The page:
foul Disdains the thought! and this shall set it free.

(Offers to ftab herfalf.
Pheen. Hold, Sophonisba, hold! my friend! my queen!
For whom alone I live ! hold your rash point,
Nor through your guardian bosom ftab your country,
That is our last resort, and always sure.
The gracious gods are liberal of death ;
To that last blessing lend a thousand ways.
Think not I'd have you live to drag a chain,
And walk the triumph of insulting Rome.
No, by these tears of loyalty and love,
Ere I beheld so vile a fight, this hand
Should urge the faithful poniard to your heart,
And glory in the deed. But, while hope lives,
Let not the generous die. 'Tis late before
The brave despair.

Soph. Thou copy of my soul!
And now my friend indeed! Shew me but hope,
One glimpse of hope, and I'll renew my toils,
Call patience, labour, fortitude again,



The next unjoyous day, and fleepless night;
Nor shrink at danger, any shape of death,
Shew me the smallest hope! Alas, Phænissa,
Too kindly confident! Hope lives not here,
Fled with her fitter Liberty beyond
The Garamantian hills, to some steep wild,
Same undiscover'd country, where the foot
Of Roman cannot come,

Pheen. Yes, there she liv'd
With Mafiniffa wounded, and forlorn,
Amidst the serpent's hiss, and tiger's yell.-

Soph. Why nam'st thou him

Phæn. Madam, in this forgive
My forward zeal; from him proceeds our hope.
He lov'd you once; nor is your form impair’d,
Warm’d, and unfolded into stronger charms:
Ask his protection from the Roman power,
You must prevail; for Sophonisba sure
From Mafiniffa cannot ask in vain.

Soph. Now, by the prompting genius of my country!
I thank thee for the thought. True, there is pain
Ev'n in descending thus to beg protection
From that degenerate youth. But, Oh, for thee,
My finking country! and again to gaul
This hated Rome, what would I not endure?
It shall be done, Phænissa ; though disgust
Choak’d up my Itruggling meaning, Thall be done.

[Kneels; But here I vow, propitious Juno, hear ! Could every pomp and every pleasure join’d, Love, empire, glory, a whole kneeling world, Unnerve my smalleit purpose, and remit That

most inveterate enmity I bear The Roman state; may Carthage smoak in ruins ! Rome rise the mistress of mankind ! and I, There an abandon'd Nave, drag out a length Of life, in loathsome baseness and contempt ! This way the trumpet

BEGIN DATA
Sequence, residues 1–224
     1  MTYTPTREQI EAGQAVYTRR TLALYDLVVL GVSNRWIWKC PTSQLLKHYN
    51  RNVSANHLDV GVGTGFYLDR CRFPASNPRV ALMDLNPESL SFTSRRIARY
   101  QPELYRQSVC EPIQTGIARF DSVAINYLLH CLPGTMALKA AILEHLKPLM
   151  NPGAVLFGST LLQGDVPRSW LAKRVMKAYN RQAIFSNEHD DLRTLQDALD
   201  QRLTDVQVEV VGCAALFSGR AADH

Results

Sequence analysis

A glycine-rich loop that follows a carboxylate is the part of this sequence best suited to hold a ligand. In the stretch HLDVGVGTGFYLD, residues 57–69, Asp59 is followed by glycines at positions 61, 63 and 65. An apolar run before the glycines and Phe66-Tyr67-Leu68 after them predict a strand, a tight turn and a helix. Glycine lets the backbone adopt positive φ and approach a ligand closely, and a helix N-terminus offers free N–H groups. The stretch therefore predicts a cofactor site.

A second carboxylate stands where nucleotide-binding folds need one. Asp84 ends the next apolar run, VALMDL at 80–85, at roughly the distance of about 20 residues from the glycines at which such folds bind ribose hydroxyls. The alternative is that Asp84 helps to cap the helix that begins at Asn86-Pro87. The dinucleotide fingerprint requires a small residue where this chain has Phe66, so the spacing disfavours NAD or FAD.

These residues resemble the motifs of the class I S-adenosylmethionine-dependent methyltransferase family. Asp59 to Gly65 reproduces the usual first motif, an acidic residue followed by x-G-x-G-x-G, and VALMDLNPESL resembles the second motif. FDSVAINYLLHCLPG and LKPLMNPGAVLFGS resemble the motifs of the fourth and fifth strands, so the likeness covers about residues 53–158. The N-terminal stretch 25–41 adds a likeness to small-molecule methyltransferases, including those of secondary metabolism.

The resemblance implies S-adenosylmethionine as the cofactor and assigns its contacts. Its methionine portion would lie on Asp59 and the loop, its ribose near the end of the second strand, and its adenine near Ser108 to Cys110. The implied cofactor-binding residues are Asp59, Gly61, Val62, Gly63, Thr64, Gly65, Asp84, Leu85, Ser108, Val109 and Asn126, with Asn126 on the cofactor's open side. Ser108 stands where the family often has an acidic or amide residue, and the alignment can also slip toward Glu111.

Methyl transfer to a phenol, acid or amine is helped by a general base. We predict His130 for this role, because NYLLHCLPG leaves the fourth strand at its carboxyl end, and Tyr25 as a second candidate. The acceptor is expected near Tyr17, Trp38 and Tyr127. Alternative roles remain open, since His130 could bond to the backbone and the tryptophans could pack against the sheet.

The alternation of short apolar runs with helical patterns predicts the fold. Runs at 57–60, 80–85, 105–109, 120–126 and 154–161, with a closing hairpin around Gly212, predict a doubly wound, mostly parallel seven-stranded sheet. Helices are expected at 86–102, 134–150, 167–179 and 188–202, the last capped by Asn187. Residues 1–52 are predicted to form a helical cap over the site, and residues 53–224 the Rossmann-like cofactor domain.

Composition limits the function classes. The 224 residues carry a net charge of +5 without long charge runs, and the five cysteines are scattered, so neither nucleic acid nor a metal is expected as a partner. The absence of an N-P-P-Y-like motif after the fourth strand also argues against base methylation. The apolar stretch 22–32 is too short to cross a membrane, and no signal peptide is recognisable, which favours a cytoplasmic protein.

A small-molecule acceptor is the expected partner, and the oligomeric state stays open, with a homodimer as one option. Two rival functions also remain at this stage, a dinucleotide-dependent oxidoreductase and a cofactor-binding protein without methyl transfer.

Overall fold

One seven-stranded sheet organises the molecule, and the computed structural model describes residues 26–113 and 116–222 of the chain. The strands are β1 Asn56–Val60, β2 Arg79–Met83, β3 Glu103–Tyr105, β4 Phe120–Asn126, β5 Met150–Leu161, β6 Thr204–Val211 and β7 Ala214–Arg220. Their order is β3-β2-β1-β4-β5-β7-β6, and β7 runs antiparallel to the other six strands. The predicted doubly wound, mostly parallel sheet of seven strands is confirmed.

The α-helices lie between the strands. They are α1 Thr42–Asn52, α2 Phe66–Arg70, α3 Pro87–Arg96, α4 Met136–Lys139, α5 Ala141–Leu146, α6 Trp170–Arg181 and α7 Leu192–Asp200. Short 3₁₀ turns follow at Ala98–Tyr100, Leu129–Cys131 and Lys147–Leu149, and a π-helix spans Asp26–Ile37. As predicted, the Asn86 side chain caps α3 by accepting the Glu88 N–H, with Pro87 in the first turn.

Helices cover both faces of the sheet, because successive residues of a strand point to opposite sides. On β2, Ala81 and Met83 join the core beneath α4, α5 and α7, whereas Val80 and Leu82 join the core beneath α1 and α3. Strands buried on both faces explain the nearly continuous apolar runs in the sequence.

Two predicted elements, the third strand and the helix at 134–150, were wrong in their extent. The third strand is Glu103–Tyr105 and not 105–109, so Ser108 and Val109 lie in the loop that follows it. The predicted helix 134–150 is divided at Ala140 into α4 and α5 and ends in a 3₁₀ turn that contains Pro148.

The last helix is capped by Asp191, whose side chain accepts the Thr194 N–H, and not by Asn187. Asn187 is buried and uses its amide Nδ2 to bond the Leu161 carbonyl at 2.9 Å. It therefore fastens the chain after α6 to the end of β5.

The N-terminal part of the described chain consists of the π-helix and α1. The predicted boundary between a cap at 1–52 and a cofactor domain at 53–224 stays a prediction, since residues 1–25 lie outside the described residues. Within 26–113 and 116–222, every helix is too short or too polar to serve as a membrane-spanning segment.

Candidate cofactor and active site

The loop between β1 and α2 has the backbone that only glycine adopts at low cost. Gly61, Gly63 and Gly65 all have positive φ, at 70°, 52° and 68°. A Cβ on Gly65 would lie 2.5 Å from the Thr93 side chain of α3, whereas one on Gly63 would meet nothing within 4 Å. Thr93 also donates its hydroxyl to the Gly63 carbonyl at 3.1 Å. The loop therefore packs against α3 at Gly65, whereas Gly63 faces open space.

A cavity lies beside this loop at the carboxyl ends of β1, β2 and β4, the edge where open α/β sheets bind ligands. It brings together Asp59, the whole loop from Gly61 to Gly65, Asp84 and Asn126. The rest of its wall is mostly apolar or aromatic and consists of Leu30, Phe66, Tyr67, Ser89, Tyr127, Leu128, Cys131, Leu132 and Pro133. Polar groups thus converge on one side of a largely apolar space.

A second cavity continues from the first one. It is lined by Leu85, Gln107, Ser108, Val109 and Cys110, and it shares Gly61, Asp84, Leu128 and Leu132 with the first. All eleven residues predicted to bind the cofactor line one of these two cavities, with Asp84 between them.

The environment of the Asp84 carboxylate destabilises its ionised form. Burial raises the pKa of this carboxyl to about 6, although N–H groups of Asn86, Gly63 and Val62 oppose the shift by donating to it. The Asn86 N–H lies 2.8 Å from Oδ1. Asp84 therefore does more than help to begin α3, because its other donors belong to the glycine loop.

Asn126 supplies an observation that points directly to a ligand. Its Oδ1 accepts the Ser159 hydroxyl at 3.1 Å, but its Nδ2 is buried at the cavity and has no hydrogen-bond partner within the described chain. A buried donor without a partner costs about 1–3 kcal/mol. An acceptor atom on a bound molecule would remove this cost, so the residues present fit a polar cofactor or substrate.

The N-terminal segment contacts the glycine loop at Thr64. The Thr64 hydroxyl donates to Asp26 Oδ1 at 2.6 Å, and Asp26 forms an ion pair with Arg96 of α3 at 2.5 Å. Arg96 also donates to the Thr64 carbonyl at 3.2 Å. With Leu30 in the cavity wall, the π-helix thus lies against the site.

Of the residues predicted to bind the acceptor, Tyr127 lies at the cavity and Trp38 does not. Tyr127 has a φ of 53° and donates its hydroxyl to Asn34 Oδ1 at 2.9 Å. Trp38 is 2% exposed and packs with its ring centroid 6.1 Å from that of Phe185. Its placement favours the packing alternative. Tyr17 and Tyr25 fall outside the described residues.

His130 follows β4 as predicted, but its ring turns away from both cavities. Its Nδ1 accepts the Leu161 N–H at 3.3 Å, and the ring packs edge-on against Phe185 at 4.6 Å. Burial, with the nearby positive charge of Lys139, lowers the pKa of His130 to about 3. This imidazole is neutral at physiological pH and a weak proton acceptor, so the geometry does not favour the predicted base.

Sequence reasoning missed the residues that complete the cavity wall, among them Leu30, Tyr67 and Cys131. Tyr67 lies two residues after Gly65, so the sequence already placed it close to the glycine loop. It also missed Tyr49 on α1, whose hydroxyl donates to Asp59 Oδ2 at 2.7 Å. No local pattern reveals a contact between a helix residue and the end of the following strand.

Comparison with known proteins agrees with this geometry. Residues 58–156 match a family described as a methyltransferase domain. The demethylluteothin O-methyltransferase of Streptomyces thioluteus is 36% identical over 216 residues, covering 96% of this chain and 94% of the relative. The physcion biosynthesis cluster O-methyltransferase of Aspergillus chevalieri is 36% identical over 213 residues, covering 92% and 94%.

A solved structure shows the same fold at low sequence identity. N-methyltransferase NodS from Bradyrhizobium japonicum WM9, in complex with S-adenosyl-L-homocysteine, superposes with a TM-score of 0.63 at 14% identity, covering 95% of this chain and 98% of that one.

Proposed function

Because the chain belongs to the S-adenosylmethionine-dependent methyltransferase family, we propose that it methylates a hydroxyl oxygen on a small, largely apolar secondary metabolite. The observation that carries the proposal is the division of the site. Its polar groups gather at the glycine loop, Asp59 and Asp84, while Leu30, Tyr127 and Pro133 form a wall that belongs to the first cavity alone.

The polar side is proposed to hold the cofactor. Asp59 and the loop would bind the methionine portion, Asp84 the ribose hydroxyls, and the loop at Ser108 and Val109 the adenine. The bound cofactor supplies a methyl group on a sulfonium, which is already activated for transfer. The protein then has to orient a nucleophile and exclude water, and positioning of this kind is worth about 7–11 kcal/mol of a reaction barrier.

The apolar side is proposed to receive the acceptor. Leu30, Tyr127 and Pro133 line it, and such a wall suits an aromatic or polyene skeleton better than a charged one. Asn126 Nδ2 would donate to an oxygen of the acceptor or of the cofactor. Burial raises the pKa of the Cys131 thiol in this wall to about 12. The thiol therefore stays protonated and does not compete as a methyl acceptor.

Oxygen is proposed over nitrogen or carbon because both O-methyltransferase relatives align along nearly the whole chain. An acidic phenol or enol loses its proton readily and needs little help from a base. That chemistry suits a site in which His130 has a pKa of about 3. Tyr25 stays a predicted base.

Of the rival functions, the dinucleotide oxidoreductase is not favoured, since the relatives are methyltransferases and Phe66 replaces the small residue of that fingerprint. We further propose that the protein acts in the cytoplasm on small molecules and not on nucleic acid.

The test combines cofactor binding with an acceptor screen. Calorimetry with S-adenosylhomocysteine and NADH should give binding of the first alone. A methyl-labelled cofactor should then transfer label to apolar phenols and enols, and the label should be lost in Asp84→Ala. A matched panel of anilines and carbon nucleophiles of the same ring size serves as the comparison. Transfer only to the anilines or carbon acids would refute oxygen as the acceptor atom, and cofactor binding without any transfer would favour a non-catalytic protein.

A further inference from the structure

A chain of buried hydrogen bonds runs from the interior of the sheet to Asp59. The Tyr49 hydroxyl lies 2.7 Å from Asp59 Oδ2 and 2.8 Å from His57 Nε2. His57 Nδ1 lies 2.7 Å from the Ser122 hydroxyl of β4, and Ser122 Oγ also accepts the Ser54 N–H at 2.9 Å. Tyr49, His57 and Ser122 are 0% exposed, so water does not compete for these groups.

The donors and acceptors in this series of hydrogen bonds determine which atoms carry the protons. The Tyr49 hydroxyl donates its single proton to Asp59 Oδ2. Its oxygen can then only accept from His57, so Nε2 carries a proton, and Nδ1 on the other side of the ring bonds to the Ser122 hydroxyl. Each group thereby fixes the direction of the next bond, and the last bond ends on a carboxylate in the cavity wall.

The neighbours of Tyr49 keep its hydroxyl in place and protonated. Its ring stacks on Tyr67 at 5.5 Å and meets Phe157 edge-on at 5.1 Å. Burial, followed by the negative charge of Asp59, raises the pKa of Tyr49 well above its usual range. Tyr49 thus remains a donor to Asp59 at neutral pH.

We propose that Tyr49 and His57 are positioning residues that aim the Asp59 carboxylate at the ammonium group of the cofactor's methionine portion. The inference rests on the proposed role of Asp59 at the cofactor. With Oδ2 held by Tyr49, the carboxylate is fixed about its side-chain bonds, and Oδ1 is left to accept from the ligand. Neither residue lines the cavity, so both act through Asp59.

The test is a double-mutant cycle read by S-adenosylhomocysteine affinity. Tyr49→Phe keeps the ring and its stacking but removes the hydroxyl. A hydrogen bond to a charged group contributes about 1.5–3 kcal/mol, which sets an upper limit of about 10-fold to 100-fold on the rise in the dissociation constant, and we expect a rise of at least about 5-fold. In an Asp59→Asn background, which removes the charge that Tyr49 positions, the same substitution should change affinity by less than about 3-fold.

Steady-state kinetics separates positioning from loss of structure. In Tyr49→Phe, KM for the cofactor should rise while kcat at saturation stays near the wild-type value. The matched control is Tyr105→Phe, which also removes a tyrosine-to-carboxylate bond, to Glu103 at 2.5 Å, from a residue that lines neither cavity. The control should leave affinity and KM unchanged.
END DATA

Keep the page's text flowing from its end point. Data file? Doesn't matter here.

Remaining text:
founds; let us recire. [Exeunt. Enter Mafiniffa, Syphax in chains, Narva, Guards, &c.

Syph. Is there no dungeon in this city, dark As is my troubled soul, that thus I'on brought To my own palace, to those rooms of late,

Wont in another manner to receive me,
With other ligns of royalty than thefe ?

(Looking on his chains.
Maf. I will not wound thee, nor insult thee, Syphax,
With a recital of thy tyrant crimes.
A caprive here I fee thee, fallen below
My most revengeful wish; and all the rage,
The noble fury that inspir'd this morn,
Is funk to soft compaffion. In the field,
The flaming front of war, there is the scene
Of brave revenge ; and I have fought thee there,
Keen as the hunted lion feeks his foe.
But when a broken enemy, disarm’d,
And helpless lies; a falling fword, an eye
With pity flowing, and an arm as weak
As infant foftness, then becomes the brave.
Now sleeps the sword; the passions of the field
Sublide to peace; and my relenting soul
Melts at thy fate.

Syph. This, this, is all I dread,
All I detest, this insolence refin'd,
This barbarous pity, this affected goodness,
Pitied by thee! Is there a form of death,
Of torture, and of infamy like that?
It kills my very foul !- -Ye partial gods !
I feel your worst; why should I fear you more?
Hear me, vain youth ! take notice -I abhor
Thy mercy, loath it. -- Poison to my thoughts !
Wouldīt thou be merciful ? One way alone
Thou canst oblige me.--Ufe me like a flave;
As I would thee, (delicious thought!) wert thou
Here crouching in my power.

Maf. Outrageous man!
If that is mercy, I'll be cruel still.
Nor canst thou drive me, by thy bitterest rage,
To an unmanly deed; not all thy wrongs,
Nor this worfe triumph in them.

Syph. Ha! ha! wrongs ?
cannot wrong

thee. When we lanch the fpear Into the monster's heart, or crush the ferpent ; Destroy what in antipathy we hold,